Over a long chatty lunch with a dear friend, the subject of what clothing means in our lives came up frequently. After spending my career around the clothing industry, I emphasized the importance of fashion to me. Even though later in my journey fashion and trends shifted into the psychology of what our closets mean on an everyday basis. I wanted to take clothing to a higher purpose than superficial seasonal picks and lead it into self-esteem and confidence.
We both seemed to have a different take on why and how we valued shopping for a new look. I loved every minute because just being in a well appointed visual experience was a joy to me. On the other hand, she found it to be a more basic and thrifty experience. We bantered back and forth and then she asked if she could tell me a story.
She shared that when she was a little girl she lived in a very poor neighborhood. Her mother was quite adept at tailoring and would take thrift shop items and smock them as well as adding buttons and bows that brought them into the realm of items purchased in a high-end children's store. When she showed up at school the teacher constantly complimented her and her peers taunted her as she stood out against the background of their plain attire. She spoke wistfully of how she wanted to hide and felt uncomfortable so clothing became a sense of low self-esteem in her young life. Today the thoughts still haunt her and so clothing psychologically means something different to her than it does to me.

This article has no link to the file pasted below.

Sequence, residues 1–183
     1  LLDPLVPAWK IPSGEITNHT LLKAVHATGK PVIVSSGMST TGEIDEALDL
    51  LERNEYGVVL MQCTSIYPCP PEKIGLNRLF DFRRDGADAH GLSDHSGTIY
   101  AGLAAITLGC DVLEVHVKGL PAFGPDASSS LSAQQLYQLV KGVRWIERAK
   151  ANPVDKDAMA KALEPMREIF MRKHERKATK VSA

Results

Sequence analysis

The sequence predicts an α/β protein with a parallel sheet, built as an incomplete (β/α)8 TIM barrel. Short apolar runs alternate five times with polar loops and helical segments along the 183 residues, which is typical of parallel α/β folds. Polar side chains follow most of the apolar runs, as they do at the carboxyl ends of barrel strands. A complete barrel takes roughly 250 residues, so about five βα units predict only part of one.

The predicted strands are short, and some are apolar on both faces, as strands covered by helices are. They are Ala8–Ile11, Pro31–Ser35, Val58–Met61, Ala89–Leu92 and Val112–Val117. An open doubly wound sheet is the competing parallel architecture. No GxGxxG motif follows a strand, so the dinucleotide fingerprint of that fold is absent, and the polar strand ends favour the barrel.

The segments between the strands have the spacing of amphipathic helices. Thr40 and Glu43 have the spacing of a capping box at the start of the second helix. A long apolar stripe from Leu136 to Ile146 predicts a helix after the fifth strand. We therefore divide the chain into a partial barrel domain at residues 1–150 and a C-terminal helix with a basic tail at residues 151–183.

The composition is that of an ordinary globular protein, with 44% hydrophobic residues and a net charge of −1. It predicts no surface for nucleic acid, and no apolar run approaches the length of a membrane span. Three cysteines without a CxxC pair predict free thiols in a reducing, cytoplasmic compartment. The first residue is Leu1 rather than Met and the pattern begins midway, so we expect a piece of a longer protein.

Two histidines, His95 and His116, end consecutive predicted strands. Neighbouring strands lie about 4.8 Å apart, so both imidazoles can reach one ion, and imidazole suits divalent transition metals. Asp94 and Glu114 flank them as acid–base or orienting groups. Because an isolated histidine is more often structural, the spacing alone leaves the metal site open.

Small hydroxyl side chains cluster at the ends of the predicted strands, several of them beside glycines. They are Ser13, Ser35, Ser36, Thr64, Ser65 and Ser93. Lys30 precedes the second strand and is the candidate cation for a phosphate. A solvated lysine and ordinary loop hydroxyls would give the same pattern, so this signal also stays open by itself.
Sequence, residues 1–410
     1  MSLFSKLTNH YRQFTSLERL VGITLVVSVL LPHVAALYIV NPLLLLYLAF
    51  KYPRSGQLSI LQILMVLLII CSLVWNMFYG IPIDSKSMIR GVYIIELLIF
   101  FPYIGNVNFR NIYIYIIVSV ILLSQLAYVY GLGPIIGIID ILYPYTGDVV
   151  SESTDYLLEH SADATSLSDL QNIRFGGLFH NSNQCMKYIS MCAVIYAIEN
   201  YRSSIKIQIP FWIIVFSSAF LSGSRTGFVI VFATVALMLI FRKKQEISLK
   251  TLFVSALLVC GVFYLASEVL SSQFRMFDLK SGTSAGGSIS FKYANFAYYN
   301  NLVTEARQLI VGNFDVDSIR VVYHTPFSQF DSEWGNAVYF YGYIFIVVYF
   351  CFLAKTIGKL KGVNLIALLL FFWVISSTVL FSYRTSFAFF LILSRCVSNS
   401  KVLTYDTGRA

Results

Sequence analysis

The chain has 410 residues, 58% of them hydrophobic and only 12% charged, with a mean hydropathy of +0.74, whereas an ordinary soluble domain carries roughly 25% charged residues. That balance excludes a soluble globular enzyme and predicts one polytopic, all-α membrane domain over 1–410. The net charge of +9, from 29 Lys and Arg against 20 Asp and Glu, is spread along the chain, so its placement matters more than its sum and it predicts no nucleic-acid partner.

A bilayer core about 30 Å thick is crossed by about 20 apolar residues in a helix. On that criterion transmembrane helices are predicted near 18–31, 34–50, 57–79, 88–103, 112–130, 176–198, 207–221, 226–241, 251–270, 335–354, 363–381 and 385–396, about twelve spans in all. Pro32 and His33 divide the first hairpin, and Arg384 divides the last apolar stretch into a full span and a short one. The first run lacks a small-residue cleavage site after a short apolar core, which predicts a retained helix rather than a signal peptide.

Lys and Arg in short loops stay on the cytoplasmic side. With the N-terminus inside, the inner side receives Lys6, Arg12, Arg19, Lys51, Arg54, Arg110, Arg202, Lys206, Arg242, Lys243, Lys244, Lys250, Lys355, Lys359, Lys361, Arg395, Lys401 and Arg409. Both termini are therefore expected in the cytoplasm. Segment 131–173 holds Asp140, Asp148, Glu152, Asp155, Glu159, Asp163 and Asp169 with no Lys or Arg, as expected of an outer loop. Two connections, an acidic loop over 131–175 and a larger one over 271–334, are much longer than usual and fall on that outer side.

It was time for me to share my life experience. We returned to Philadelphia after my Dad had lost his business in Miami. We lived with my grandmother in a very nice neighborhood and my new clothes came from a flea market booth. I attended an elementary school with children that could purchase their clothing at the very best stores. Every day I stood out and was bullied for my look that was not up to their standards. I dreamed that someday I would have beautiful clothing and belong and shine wherever I went in my life.
We looked at each other and both shared the "AHA" moment. She felt that "fashion standing out" was a return to the embarrassment of her past. I felt that "fashion standing out" was a journey past the embarrassment of my past.
We shared a hug and a glass of wine. After that day our mutual shopping excursions took on a different and wonderful meaning.
What experiences in your past have colored the way you shop now? Tell me your story! Email me at firstname.lastname@example.org